The 6.5 Creedmoor is a caliber that has seen tremendous growth in the last few years. Mostly used in long range target shooting, the cartridge is known for its capabilities when it comes to accuracy. Thanks to Federal Premium Ammunition, there are now hunting loads available for the 6.5 Creedmoor which provide excellent terminal ballistics.
The case design and specifications of the 6.5 Creedmoor are very similar to the popular .260 Remington cartridge, which gives hunters an idea of what to expect from this round.
What is a 6.5 Creedmoor actually comparable to?
The .260 has been around for many years and is also used as a target shooting and hunting round. The 6.5 Creedmoor is very similar to the .260 Remington and has even been able to surpass it in some areas, such as bullet drop at long-range targets with a larger powder load.
Although the cartridge case of the 6.5 Creedmoor is designed around a .30 caliber projectile, its exterior dimensions are similar to the .308 Winchester cartridge.
6.5 Creedmoor vs .260 Remington
While this makes it harder to convert weapons originally chambered for that cartridge, many rifle manufacturers now offer rifles in 6.5 Creedmoor that accept standard magazines used on most hunting and tactical weapons chambered for .308 Winchester cartridges. This allows hunters who already own an appropriate rifle.
Although not a major factor in the development of the cartridge, the 6.5 Creedmoor produces less recoil than many similar cartridges and is easier to handle with almost no felt-recoil.
The .260 Remington was created using a bullet diameter that ranges between .264 and .277 inches while the 6.5 Creedmoor starts with a bullet diameter of .264 inches.
This means that bullets for the .260 Remington can be used in a 6.5 Creedmoor rifle without any problems, but not vice versa. While this is not a problem for hunters who use both cartridges, it does make it difficult to find new projectiles which might require you to buy an entire box of ammunition.
The .260 Remington is slightly longer than the 6.5 Creedmoor which means that hunters may need to make adjustments to the rifle’s magazine if it has been chambered for the former cartridge.
Both cartridges are adequate for hunting all kinds of North American game animals but, due to better bullet performance, the 6.5 Creedmoor is a more popular hunting cartridge for deer-sized animals and larger, especially in target shooting circles where long range accuracy is important.
In terms of stopping power, both cartridges are similar with bullet weight ranging between 90 and 120 grains, but the 6.5 Creedmoor produces less recoil which means hunters can shoot more comfortably.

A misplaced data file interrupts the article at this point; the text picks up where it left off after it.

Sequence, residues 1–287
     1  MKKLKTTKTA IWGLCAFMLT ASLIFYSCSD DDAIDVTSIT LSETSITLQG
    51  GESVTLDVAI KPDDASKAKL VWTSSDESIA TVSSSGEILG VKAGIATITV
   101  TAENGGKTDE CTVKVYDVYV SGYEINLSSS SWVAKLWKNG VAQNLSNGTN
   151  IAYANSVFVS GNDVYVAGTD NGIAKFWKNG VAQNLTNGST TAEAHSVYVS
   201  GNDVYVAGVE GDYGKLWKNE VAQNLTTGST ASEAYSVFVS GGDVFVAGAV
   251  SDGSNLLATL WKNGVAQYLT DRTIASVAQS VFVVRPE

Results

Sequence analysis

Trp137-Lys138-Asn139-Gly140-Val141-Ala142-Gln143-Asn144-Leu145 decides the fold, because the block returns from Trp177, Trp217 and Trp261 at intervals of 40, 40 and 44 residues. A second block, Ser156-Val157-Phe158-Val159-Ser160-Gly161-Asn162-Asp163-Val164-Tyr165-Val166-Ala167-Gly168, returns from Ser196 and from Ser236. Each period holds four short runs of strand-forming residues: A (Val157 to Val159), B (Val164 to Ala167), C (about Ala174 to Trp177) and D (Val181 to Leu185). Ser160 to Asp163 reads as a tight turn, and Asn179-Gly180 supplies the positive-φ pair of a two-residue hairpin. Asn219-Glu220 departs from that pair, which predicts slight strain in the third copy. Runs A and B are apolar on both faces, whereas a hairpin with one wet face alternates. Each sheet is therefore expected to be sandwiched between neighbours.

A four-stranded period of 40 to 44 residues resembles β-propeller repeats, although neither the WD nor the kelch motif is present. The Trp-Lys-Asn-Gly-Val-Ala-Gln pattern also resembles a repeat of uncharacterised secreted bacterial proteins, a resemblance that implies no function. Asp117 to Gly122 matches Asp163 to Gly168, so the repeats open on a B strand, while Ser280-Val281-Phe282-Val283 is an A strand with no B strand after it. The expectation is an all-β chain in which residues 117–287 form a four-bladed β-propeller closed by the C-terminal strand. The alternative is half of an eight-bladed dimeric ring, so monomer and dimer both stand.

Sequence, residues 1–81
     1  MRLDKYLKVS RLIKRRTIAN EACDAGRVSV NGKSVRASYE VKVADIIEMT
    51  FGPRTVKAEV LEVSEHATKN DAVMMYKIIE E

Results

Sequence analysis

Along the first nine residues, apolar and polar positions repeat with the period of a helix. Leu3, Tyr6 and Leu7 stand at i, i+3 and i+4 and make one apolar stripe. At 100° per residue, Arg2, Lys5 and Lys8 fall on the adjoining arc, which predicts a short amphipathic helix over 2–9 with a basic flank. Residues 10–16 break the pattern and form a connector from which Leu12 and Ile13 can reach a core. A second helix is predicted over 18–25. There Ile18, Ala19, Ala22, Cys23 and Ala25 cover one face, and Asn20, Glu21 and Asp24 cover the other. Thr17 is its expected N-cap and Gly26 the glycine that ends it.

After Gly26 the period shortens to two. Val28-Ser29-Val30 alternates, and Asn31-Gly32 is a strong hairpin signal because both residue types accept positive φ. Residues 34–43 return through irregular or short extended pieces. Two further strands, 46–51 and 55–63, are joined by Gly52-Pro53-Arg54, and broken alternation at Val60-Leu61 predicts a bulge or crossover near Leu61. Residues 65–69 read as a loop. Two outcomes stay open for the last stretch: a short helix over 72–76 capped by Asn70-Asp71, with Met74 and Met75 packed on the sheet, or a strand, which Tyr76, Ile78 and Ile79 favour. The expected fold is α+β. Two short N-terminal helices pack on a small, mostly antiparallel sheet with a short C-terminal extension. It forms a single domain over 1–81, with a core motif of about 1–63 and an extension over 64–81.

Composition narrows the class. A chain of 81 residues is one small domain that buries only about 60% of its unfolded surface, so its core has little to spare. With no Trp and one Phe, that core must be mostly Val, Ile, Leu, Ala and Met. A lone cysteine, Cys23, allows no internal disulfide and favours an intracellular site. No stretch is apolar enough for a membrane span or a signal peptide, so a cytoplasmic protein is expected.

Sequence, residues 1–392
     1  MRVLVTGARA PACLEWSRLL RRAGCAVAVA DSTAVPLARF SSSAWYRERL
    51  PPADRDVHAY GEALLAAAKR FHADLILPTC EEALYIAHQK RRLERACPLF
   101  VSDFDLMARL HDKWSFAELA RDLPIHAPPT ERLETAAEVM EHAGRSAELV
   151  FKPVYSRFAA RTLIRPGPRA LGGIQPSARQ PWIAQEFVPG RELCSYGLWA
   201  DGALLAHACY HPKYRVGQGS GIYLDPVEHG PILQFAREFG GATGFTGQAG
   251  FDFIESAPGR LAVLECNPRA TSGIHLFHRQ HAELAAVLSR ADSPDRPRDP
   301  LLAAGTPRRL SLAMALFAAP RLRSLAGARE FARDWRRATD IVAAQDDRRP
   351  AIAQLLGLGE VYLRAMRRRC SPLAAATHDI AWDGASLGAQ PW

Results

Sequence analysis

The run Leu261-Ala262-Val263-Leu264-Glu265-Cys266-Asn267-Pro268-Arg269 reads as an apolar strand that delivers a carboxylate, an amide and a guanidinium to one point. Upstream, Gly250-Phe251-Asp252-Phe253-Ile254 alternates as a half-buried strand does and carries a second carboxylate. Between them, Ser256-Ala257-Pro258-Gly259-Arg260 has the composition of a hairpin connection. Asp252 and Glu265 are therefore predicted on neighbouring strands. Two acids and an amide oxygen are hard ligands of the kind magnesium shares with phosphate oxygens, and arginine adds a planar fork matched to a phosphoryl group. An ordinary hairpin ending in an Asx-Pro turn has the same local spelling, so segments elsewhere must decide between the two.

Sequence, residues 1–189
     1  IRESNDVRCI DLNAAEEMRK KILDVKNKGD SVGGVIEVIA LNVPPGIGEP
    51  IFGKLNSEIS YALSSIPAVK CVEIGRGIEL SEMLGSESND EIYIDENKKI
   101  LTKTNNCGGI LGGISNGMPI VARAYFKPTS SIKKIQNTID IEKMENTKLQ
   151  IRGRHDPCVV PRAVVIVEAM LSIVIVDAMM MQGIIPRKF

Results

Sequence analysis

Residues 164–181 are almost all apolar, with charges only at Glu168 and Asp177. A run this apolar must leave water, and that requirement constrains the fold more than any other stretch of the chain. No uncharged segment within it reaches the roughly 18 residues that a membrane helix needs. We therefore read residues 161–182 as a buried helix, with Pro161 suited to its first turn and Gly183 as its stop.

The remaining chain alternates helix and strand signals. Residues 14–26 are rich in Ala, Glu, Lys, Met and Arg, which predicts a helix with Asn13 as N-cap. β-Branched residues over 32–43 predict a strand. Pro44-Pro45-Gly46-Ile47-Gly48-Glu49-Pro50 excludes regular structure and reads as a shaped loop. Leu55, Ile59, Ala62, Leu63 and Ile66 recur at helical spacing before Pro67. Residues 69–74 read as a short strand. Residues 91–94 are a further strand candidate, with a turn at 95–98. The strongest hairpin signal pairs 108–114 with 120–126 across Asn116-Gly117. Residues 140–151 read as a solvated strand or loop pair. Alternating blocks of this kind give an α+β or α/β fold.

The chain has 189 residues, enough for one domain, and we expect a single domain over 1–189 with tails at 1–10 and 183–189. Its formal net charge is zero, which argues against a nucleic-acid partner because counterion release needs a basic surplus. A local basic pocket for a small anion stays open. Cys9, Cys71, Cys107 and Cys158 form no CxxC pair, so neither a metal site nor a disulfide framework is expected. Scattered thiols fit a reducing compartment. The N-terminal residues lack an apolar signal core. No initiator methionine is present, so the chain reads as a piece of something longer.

In general, the 6.5 Creedmoor is a better cartridge for hunters due to its higher quality projectiles and better ballistic performance at long range targets which makes it easier to hit the mark with less material support from spotters using laser rangefinders or GPS devices, for instance. For target shooting or simply having fun on the range, the 6.5 Creedmoor is the more practical choice while for hunting you might be better off with a .260 Remington cartridge.
6.5 Creedmoor vs 308
The 308 Winchester is a very popular round among hunters and shooters. Chambered by many different rifle manufacturers, it’s been around for decades and has proven itself as a great all-around cartridge that can be used at both short and long range targets without too much problem. The size of the cartridge case is quite large compared to others on the market.
The 6.5 Creedmoor is a much newer cartridge but has managed to capture the attention of shooters all over the world due to its superior ballistic performance and reduced recoil, especially for a .30 caliber round.
Despite being designed as a hunting cartridge, it’s becoming extremely popular among both long range target shooters and hunters who use it to get a greater range and accuracy.
Bullet weight is the main difference between the 6.5 Creedmoor and the 308 cartridge. The average bullet weight for a .308 cartridge is between 150 and 180 grains while the 6.5 Creedmoor has an average of 140 to 142 grains in use. This gives hunters in states where the cartridge isn’t legal for deer-sized animals some options when choosing a bullet weight.
When it comes to the size of these two cartridges, there is no difference between them. They are both .308 inches in diameter
6.5 Creedmoor vs 308: Ballistic Performance
The 6.5 Creedmoor was designed by Hornady as a hunting cartridge with the best ballistic performance at long range targets, especially when used by hunters who engage in any kind of competitive shooting that requires long distance accuracy.
The .308 Winchester is more popular among shooters using it for target shooting because its heavier bullets are better suited for this type of shooting. While both cartridges perform very well at longer distances, there is a clear advantage when using the 6.5 Creedmoor over the 308 Winchester in terms of speed and ballistics meaning it’s better at hitting moving targets at long range.
The .308 Winchester has an average muzzle velocity of between 2,700 and 2,900 feet per second with bullets weighing between 147 and 168 grains.
🤔 What is a 6.5 Creedmoor comparable to?
6.5 Creedmoor are very similar to the popular .260 cartridge, which gives hunters an idea of what to expect from this round.
🔍 6.5 Creedmoor vs .260 Remington
The .260 Remington is slightly longer than the 6.5 Creedmoor which means that hunters may need..